Microsoft has just revealed its next great innovation: Windows Holographic! It's an augmented reality experience that employs a headset, much like all the VR goggles that are currently rising in popularity, but Microsoft's solution adds holograms to the world around you. The HoloLens headset is described as "the most advanced holographic computer the world has ever seen." It's a self-contained computer, including a CPU, a GPU, and a dedicated holographic processor. The dark lenses up front contain a see-through display, there's spatial sound so you can "hear" holograms behind you, and it also integrates a set of sensors. HoloLens, says Microsoft, will be available in the Windows 10 timeframe.

They showed Minecraft as a holographic world draped over your coffee table and the rest of the house. The user placed Minecraft TNT blocks on a real world, and detonated them to reveal a minecraft world behind the exploded wall. And so, much, more. And this is no tech demo: it's working right now, and the people in the audience will be able to use it once the presentation is over. Even regular universal Windows applications can run inside this environment. Heck, they showed a simple holographic MS Paint-like application which allows you to create all kinds of fun holographic objects that you can manipulate with your hands. Scientists at NASA are using HoloLens to walk on Mars.

While this requires a clunky headset now, this can eventually power real holographic displays. This is so exciting. I'l add video once they're up, but for now, Wired and Engadget have more.


Linked by Thom Holwerda on Wed 21st Jan 2015 18:15 UTC

The Microsoft Windows 10 announcement is still ongoing, but one thing is standing out - Microsoft is finally, finally taking its own tools seriously. They showed a whole slew of new applications, and like Windows 10 being one single platform from phone through Xbox to PC, all of them are 100% universal. And, for the first time, these modern/Metro applications look like real, working, full-featured applications, instead of simple viewers or broken crap.

It goes very far: proper Metro Microsoft Office applications - Word, Excel, PowerPoint, Outlook - that run on phones, tablets, and PCs, sharing their data automatically, and running the exact same code. Even their new browser - codenamed Spartan - is a universal application. It's all looking really, really great, and based on the live stuff we've seen so far, it seems like Microsoft is actually pulling it off.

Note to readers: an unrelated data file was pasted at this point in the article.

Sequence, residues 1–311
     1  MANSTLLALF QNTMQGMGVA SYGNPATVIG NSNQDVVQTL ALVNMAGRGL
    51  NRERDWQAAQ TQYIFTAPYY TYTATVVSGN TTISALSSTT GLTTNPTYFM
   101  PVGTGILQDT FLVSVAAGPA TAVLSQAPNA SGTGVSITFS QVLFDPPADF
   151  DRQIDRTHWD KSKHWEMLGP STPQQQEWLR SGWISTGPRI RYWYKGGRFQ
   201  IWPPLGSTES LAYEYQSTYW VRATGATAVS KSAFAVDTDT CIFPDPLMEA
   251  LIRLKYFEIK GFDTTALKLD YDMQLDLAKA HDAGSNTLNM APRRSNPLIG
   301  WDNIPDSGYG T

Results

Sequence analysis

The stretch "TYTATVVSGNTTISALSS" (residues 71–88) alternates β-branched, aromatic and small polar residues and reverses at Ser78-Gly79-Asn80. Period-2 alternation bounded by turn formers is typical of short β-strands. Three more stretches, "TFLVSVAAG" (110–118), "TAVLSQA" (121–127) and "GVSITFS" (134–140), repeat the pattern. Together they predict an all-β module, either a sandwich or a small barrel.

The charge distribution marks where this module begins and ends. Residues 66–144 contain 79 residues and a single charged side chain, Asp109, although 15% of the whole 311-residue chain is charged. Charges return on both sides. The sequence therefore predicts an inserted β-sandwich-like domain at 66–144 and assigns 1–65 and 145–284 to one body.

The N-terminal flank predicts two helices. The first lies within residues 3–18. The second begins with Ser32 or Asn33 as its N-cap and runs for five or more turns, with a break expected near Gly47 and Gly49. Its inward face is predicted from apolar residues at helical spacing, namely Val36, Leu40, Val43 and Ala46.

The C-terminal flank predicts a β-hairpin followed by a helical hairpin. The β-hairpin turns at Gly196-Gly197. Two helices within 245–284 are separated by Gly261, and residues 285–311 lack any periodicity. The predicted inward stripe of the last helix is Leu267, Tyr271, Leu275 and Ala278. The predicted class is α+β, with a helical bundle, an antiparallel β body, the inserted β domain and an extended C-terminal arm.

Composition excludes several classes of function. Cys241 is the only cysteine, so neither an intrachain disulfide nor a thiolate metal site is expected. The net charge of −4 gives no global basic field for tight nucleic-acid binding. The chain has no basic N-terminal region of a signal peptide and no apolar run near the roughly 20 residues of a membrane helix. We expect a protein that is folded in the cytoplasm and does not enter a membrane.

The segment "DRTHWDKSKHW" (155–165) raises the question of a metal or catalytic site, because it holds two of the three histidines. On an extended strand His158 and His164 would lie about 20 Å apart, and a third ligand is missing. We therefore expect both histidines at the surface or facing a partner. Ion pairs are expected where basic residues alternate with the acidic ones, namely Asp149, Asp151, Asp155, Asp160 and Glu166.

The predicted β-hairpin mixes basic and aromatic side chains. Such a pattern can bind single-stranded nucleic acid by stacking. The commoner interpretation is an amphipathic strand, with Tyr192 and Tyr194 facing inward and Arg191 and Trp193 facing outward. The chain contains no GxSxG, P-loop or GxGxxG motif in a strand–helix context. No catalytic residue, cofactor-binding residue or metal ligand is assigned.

For the very first time, it finally feels like Win32 can go the way of the dodo. All these new applications are proper, grown-up applications that look like they can actually replace traditional Win32 ones. Even though Win32 applications are now properly integrated into Metro (they use the same gestures and stuff now), it feels like Microsoft is finally hitting the point where it can leave Win32 behind, and focus entirely on modern/Metro.


Linked by Thom Holwerda on Wed 21st Jan 2015 17:47 UTC

Microsoft is currently presenting Windows 10, and they unveiled that it will be a free upgrade for Windows 7 and Windows 8 users (and for Windows Phone 8.1 users).

Beyond this, Myerson shared Microsoft's vision for Windows as a service, not just an operating system. A big part of that is Microsoft's new commitment to keep devices consistently updated throughout the "supported lifetime for the device." It sounds like that means those upgrading from Microsoft's older versions of Windows will consistently receive updates to keep it as up-to-date as possible. Myerson noted that this will let developer "target every single Windows device" when they build apps - anything that makes it easier for developers to reach more users will certainly be appreciated by both the developer community as well as end users.

Sounds good to me. The idea of big, monolithic releases is archaic.


Linked by Thom Holwerda on Tue 20th Jan 2015 21:28 UTC
General Development

We've spoken in the past about teaching Clang to fully support Windows and be compatible with MSVC. Until now, a big missing piece in this story has been debugging the clang-generated executables. Over the past 6 months, we've started working on making LLDB work well on Windows and support debugging both regular Windows programs and those produced by Clang.


Linked by Thom Holwerda on Tue 20th Jan 2015 21:21 UTC
Internet Explorer

Neowin has learned a bit more about these extensions and how Microsoft plans to make its browser attractive for developers. Spartan will be able to use Chrome extensions and, while we are not sure if they will work 100% natively, the way extensions have been implemented is nearly identical to that of Chrome which will make it a simple process for developers to make their extensions work on Spartan.

Interesting. I'm not a heavy extensions users - FlashBlock and AdBlock - but I know many people are.


Linked by Thom Holwerda on Tue 20th Jan 2015 19:31 UTC
Ubuntu, Kubuntu, Xubuntu

Canonical is today bringing Snappy Ubuntu Core out of the cloud and into physical devices with the reveal of Snappy Core for smart devices.

First announced in December 2014, Snappy Core is a new lightweight Ubuntu distribution designed for the cloud and Internet of Things (IoT) specifically. Before today, only the cloud image had been revealed, but now the company is showing off its work on real connected devices.